Then, Akihiro and IBM Research intern Shogo Nishiguchi took this idea of an autonomous virtual assistant with fluid interaction between student and lecturer another step forward, and built a telepresence agent that could attend courses with students and lecturer. The bot, called Mocoro, is designed to express, through simple facial expressions, confusion, boredom, or other body language. To help the lecture flow smoothly, Mocoro does not interrupt. Instead, the lecturer must notice Mocoro’s expressions, such as turning pale, or looking down, and ask it: “Is anything wrong?” Then, Mocoro might respond with something like: “I am sorry, but, I could not understand what you just said. Would you repeat it for me?” This way, the interaction feels like a normal classroom discussion.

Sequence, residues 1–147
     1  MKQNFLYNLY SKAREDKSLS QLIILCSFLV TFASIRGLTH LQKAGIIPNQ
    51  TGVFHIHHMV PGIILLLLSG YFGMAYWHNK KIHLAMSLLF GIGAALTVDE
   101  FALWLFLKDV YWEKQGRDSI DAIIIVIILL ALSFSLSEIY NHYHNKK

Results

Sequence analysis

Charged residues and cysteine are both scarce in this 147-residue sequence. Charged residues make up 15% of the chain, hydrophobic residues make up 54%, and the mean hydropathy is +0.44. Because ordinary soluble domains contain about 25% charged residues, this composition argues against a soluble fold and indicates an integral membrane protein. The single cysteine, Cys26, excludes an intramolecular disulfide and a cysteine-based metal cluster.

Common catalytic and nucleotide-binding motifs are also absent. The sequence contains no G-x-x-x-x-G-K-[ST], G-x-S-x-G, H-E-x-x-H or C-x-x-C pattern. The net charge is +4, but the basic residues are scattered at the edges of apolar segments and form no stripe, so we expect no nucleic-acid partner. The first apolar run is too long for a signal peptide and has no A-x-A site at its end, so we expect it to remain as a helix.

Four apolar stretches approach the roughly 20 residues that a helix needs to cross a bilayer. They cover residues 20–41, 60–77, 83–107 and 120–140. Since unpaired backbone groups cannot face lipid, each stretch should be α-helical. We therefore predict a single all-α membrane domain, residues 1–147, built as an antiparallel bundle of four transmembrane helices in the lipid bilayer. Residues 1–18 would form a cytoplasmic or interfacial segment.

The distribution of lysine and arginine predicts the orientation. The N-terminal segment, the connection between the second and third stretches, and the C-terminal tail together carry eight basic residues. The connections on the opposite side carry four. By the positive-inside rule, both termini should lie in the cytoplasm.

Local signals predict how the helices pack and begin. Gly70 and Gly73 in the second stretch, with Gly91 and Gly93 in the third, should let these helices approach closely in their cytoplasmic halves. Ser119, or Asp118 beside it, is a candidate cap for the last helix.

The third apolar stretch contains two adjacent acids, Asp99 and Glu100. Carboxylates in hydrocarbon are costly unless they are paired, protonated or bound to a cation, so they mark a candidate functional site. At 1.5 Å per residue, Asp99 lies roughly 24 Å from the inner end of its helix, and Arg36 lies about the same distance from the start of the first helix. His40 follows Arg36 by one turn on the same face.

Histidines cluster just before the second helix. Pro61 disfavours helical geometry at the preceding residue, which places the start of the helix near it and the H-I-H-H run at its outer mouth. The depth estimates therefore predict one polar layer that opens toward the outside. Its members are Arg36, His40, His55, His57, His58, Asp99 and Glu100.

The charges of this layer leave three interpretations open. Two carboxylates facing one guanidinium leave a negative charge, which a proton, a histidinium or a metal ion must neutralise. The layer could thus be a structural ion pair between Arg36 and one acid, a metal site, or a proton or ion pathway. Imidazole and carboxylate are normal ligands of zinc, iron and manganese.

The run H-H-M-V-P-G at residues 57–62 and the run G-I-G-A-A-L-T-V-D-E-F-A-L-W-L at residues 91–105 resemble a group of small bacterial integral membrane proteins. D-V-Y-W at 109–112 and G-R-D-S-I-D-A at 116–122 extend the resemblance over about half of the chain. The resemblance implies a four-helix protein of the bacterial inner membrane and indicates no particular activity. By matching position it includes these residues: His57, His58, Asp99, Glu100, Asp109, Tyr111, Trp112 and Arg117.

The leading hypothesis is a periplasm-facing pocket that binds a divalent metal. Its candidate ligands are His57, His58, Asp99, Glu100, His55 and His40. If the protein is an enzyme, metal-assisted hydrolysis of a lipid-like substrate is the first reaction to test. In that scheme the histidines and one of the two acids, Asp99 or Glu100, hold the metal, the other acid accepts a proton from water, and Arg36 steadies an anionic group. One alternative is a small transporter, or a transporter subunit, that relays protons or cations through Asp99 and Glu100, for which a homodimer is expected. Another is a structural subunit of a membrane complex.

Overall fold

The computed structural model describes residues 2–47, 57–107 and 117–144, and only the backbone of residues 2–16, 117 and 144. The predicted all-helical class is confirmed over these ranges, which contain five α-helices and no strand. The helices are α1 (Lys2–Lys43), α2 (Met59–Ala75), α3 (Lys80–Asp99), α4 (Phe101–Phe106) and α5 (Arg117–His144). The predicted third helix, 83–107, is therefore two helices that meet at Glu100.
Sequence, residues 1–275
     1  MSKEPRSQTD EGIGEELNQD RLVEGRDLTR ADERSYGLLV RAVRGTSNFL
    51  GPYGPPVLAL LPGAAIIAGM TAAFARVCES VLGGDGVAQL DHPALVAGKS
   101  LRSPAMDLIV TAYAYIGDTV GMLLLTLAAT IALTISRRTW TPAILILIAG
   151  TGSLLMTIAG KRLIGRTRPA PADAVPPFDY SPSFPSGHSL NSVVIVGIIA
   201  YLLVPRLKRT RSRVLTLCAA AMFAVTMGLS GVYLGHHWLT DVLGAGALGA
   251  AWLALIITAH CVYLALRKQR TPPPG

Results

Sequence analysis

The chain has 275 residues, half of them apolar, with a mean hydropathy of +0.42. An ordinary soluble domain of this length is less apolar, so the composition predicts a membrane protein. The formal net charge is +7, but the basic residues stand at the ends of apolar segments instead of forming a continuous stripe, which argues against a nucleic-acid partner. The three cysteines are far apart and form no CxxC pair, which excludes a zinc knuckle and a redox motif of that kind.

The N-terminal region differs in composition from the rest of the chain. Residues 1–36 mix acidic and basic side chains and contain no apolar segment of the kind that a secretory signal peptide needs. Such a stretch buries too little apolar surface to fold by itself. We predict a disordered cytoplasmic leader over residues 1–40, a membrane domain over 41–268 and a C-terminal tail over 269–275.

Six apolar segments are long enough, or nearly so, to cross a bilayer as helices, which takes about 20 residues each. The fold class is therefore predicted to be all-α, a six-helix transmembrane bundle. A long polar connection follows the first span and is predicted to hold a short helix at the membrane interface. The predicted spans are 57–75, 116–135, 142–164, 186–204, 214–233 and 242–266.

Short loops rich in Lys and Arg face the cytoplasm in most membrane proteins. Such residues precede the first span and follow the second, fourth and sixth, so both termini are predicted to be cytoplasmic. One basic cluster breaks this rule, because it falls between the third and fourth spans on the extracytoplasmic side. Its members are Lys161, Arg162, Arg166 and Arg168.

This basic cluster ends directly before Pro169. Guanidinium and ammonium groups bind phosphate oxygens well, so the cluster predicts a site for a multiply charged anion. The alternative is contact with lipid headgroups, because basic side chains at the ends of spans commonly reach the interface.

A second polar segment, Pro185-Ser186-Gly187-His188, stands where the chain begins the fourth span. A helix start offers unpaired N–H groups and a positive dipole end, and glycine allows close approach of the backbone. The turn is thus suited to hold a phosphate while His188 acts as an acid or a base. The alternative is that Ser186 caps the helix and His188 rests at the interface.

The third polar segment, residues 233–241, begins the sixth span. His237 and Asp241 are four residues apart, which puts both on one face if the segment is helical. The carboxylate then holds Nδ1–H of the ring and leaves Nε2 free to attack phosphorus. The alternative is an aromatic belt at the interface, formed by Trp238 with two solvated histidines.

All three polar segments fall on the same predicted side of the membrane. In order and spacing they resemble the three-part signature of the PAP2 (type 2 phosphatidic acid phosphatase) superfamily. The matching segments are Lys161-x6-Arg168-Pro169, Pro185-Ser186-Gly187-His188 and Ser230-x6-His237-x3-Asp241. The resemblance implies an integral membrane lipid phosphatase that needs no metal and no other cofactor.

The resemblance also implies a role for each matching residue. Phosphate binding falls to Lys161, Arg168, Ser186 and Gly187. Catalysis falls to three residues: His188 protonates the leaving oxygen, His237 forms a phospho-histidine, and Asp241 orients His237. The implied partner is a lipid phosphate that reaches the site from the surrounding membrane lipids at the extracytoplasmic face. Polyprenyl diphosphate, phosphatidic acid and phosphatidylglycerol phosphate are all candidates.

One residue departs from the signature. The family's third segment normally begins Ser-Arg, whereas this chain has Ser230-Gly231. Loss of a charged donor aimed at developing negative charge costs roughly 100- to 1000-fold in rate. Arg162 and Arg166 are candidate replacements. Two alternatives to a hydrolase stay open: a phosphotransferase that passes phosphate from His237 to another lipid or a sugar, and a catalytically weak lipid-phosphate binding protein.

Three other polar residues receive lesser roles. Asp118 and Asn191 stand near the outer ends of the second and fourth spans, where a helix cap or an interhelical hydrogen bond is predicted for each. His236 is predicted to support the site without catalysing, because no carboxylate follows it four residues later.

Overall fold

Shogo initially called the bot a “moderate conversational robot.” But to give it a name students and lecturers could relate to, he picked the first two letters of each word to create Mo-co-ro. Mocoro is a virtual avatar displayed on a small monitor that was then built into a hand-made wooden block – perfect for a table top.

The reason I named the agent Mocoro is simply because it sounds cute. Cuteness is one of the important factors for robots to be loved by everyone. – Shogo Nishiguchi

By being a stand-alone bot, Mocoro can connect its features of speech-to-text, text-to-speech, morphological analysis and dialog scripting to understand what is spoken among people.

 

 

What motivated you to work on this telepresence agent research?